The Bank of Greece said the return of the 10-year benchmark bond was 8.58 pct, with the yield spread against the German Bund at 572 basis points.
In interbank markets, interest rates were largely unchanged. The 12-month Euribor rate was 1.22 pct, the six-month rate 0.95 pct, the three-month rate 0.64 pct and the one-month rate 0.40 pct.
The stocks with the highest turnover were National Bank, OPAP, Alpha Bank and Eurobank.
Selected shares from the FTSE/ASE-20 index closed in euros as follows:
Alpha Bank: 4.94
Public Power Corp (PPC): 12.87
HBC Coca Cola: 17.30
Hellenic Petroleum: 8.05
National Bank of Greece: 11.05
EFG Eurobank Ergasias: 4.98
Bank of Piraeus: 4.78
 ADEX closing reportThe June contract on the FTSE 20 index was trading at 0.87 pct in the Athens Derivatives Exchange on Thursday, with turnover at 117.366 million euros. Volume on the Big Cap index totaled 25,377 contracts worth 103.006 million euros, with 39,502 open positions in the market.
Volume in futures contracts on equities totaled 17,883 contracts, worth 14.360 million euros, with investment interest focusing on National Bank's contracts (7,123), followed by Eurobank (1,313), OTE (677), PPC (467), OPAP (781), Piraeus Bank (891), Alpha Bank (2,970), Mytilineos (413), Cyprus Bank (457), Motor Oil (376) and Intralot (203).
 Foreign Exchange rates - FridayReference buying rates per euro released by the European Central Bank:
U.S. dollar 1.282
Pound sterling 0.849
Danish kroner 7.502
Swedish kroner 9.789
Japanese yen 120.29
Swiss franc 1.424
Norwegian kroner 7.847
Canadian dollar 1.324
Australian dollar 1.418
 Bank firebombing victims died of asphyxiationThe three people, a man and two women, killed in central Athens on Wednesday in a firebombed branch of Marfin-Egnatia Bank died of asphyxiation, chief medical examiner Filippos Koutsaftis said Thursday after an autopsy was completed.
Only the male victim had light burns, which means that he attempted to pass through the fire. He was found dead on the stairway between the first and second floor.
Koutsaftis stated that a macroscopic examination showed that the three had inhaled huge quantities of smoke and toxic fumes. A toxicological examination will provide more details.
One of the two female victims, Angeliki Papathanasopoulou, who was found dead on the second floor balcony in her attempt to save her life, has been confirmed that she was pregnant.
A police manhunt is underway for the arrest of the culprits, who broke the bank glass window with hammers and dowsed the interior with flammable liquid before throwing a firebomb thus trapping the employees inside the building causing the deaths of three people.
The 25 people arrested during Wednesday's incidents will be led before a prosecutor on Thursday.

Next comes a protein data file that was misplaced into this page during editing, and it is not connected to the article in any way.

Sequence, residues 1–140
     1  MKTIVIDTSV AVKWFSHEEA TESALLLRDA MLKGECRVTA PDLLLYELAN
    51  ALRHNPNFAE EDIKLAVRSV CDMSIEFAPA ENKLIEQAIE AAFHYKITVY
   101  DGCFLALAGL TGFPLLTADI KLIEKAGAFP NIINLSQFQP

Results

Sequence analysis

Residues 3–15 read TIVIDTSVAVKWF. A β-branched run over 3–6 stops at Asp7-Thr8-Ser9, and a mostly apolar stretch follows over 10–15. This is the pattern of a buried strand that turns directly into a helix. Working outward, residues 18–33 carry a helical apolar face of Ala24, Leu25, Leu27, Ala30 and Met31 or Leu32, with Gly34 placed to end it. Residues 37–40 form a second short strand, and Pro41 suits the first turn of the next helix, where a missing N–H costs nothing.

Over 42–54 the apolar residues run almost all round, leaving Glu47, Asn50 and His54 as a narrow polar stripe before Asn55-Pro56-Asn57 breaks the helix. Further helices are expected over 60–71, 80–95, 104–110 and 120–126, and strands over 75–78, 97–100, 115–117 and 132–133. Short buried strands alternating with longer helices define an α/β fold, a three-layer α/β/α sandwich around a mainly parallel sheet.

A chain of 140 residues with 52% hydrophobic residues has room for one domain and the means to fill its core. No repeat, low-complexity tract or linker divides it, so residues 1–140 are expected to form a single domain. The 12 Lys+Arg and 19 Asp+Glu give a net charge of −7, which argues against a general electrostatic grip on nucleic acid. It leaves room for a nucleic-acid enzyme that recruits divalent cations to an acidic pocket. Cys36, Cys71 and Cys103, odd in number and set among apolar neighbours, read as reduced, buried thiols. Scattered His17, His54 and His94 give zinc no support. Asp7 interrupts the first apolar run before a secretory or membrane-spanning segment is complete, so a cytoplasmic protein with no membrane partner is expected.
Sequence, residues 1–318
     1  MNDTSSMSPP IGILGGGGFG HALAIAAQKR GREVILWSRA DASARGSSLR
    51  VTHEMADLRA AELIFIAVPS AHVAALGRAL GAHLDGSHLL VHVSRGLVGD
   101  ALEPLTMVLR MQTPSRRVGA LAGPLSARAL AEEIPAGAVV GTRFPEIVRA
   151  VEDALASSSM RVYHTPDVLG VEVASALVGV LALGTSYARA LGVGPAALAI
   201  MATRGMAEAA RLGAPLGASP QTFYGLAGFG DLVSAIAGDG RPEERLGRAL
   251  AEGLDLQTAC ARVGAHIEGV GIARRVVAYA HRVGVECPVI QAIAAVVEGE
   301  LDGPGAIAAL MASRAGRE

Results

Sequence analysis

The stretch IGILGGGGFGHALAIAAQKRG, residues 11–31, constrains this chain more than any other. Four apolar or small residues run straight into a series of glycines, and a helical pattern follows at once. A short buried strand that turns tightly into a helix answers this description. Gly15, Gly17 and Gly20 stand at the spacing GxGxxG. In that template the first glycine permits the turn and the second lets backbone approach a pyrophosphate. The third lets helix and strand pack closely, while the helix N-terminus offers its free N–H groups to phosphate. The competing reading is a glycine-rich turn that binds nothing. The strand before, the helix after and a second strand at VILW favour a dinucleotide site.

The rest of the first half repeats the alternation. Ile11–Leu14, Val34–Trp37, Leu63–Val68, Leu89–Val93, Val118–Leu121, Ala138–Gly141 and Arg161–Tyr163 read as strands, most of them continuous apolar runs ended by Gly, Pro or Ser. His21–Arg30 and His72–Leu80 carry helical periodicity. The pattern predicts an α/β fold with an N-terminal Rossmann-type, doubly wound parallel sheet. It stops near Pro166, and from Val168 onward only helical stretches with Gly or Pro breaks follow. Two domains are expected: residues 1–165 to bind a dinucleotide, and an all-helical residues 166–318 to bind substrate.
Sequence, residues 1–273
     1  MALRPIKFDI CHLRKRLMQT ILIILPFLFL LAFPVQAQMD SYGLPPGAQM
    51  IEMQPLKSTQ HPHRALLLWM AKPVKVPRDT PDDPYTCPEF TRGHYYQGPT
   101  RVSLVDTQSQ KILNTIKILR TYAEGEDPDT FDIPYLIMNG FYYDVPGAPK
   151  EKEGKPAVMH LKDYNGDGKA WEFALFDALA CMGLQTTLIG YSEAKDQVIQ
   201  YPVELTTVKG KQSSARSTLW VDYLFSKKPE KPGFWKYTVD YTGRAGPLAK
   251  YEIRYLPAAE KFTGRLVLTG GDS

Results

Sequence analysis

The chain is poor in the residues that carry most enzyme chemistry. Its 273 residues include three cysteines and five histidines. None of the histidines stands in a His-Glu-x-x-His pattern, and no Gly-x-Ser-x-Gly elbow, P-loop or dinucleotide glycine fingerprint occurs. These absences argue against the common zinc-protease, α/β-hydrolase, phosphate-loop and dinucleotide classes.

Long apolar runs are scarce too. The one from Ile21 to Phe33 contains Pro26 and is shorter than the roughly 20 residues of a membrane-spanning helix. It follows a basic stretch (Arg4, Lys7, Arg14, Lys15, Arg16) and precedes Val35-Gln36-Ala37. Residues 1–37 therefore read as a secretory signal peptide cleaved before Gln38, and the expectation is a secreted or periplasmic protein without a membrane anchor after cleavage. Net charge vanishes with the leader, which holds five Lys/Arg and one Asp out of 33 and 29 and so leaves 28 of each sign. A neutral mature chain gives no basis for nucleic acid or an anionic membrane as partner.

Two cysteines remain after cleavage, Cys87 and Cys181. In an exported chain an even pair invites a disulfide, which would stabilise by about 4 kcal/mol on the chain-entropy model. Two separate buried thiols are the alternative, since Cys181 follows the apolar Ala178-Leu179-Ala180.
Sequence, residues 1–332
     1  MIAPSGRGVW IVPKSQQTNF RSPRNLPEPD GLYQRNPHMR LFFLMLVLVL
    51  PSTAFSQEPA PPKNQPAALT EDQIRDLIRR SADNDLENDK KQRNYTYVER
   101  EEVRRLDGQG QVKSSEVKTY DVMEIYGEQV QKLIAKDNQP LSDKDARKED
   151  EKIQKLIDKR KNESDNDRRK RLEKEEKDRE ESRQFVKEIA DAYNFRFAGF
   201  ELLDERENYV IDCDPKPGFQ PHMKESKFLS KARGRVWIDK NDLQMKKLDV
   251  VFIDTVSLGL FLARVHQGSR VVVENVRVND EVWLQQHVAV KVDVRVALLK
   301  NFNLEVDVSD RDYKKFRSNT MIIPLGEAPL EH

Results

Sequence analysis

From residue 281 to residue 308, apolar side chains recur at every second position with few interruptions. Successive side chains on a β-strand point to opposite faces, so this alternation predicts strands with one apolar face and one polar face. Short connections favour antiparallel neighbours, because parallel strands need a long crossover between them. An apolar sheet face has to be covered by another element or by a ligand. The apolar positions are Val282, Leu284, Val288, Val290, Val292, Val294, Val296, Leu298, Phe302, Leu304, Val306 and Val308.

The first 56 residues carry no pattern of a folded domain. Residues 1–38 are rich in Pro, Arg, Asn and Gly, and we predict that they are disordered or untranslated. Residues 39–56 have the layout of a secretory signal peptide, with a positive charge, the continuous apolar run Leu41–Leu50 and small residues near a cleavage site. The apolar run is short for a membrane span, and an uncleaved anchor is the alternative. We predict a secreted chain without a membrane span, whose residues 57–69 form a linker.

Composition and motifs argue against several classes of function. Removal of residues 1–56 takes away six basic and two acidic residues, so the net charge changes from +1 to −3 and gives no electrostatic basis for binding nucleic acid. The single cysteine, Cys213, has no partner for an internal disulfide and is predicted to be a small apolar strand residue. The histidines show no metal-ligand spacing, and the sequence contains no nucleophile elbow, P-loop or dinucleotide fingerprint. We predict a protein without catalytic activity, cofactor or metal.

Condemnation of violence that claimed lives of three working people in GreeceBRUSSELS (ANA-MPA/M. Aroni)
The International and European Trade Unions (ITUC and ETUC) in a joint announcement issued here on Wednesday condemn "the slaying of the three Greek working perople in a bank and the wounding of people, as morbid brutality."
In their joint announcement, the secretary general of the European Trade Unions, John Monks, and the secretary general of the International Trade Unions, Guy Rieder, call for those responsible to be led before Justice without delay.
In the same announcement, it is stressed that "GSEE (the General Confederation of Workers of Greece) condemned the blind violence and the vandalisms, that overshadowed the greatest protest in Greece in the past 50 years."
 Bank workers' union questions fire safety measures in torched bankThe bank workers' union OTOE on Thursday issued an announcement in which it said its 24-hour strike was held to demand that those responsible for Wednesday's tragic incident, in which three bank employees suffocated to death in a blazing bank torched by demonstrators, be brought to justice.
Among others, the union organisation questions whether the bank branch in question had adequate security and fire safety measures.
"The causes that cost the life of three employees at the Stadiou Street branch of Marfin Egnatia Bank must be investigated in depth and responsibility attributed to both the direct and moral instigators," it stressed.
According to OTOE, the evidence so far indicated that the bank branch in question did not possess an adequate fire-safety system, had no emergency exit, had not been fitted with high-security, shatter-proof glass or bars and had its central entrance locked at the time.
The union also questioned the management's failure to instruct employees to stay away on that particular day, given that the bank was on the route of the protest march and banks were well-known targets.
 Marfin bank branches to shut early on FridayMarfin Egnatia Bank on Thursday announced that all its branches and services will work with only a skeleton staff on Friday morning then shut at 11:00 so that Marfin employees can attend the funerals of their three colleagues, who were killed in a fire set during Wednesday's demonstration in central Athens.
 Twenty arrests in downtown Athens during incidentsTwenty people were arrested by police while 70 others were taken in for questioning after the serious incidents that occurred in downtown Athens on Wednesday.
Ten of the detainees are charged with the illegal occupation of a building on Zaimi street in the Exarchia district and three others are charged with looting a shop in downtown Athens.
 Two policemen injured in chase of armed robbersTwo policemen were injured during a chase of four armed robbers on Wednesday morning in the village of Zevgolatio in Nemea, Corinth prefecture.
According to initial reports, four armed robbers stormed the ELTA Post Office branch in Zevgolatio shortly after 10:00 a.m. and grabbed an unknown amount of money, and fled in a stolen car which they later abandoned for a second getaway car.
A police search located the second car in the village of Koutsomyti, Nemea.
When the robbers spotted the police, they stopped the car and one of the gunmen got out, firing with a kalashnikov against the patrol car, injuring one officer in the shoulder blade and a second officer in the leg.
The gunmen managed to escape, and a manhunt was launched for them.